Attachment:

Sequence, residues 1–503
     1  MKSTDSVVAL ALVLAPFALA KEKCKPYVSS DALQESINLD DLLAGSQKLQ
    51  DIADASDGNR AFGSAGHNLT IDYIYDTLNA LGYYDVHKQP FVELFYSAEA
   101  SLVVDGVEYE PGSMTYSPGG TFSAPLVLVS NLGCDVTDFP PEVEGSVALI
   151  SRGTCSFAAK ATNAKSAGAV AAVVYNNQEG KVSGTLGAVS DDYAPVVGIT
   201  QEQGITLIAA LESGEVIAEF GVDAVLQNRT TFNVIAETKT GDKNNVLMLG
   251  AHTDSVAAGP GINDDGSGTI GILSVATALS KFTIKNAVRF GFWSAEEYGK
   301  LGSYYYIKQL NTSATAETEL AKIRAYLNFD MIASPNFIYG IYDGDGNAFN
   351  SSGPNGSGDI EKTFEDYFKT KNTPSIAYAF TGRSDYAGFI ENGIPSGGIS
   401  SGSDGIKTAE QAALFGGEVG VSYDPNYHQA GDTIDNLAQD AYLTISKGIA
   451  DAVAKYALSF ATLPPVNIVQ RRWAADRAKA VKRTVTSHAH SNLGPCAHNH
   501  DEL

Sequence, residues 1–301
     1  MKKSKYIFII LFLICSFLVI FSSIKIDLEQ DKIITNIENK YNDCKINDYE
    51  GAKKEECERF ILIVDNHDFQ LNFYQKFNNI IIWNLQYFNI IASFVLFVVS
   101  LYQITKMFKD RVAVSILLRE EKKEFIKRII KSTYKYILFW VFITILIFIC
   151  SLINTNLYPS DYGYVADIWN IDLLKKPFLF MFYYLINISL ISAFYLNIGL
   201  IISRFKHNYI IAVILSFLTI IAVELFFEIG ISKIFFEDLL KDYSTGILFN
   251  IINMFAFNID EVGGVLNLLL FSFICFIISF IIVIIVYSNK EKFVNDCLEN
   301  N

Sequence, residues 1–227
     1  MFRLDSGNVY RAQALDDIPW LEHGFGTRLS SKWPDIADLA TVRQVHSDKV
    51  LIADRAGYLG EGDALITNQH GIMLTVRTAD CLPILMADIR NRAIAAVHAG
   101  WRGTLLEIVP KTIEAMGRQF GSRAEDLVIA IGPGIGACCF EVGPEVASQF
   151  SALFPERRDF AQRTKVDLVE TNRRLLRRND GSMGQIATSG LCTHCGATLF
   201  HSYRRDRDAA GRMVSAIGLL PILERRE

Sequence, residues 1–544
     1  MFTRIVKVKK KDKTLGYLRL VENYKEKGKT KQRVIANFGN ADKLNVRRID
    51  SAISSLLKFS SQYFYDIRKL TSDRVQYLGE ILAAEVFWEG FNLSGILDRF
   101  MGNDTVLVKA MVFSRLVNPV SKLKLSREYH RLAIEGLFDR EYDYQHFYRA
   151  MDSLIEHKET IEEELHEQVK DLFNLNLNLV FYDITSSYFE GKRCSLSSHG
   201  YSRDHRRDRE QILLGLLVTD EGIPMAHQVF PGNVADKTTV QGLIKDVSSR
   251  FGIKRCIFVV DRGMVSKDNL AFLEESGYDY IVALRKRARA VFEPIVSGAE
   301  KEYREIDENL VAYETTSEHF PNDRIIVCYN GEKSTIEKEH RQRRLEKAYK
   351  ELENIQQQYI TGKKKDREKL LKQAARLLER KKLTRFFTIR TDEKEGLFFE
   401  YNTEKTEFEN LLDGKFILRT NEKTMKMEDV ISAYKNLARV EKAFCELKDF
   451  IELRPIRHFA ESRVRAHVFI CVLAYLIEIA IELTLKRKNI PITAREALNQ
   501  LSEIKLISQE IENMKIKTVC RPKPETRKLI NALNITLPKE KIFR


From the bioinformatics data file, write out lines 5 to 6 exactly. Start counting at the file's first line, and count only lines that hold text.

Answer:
   151  SRGTCSFAAK ATNAKSAGAV AAVVYNNQEG KVSGTLGAVS DDYAPVVGIT
   201  QEQGITLIAA LESGEVIAEF GVDAVLQNRT TFNVIAETKT GDKNNVLMLG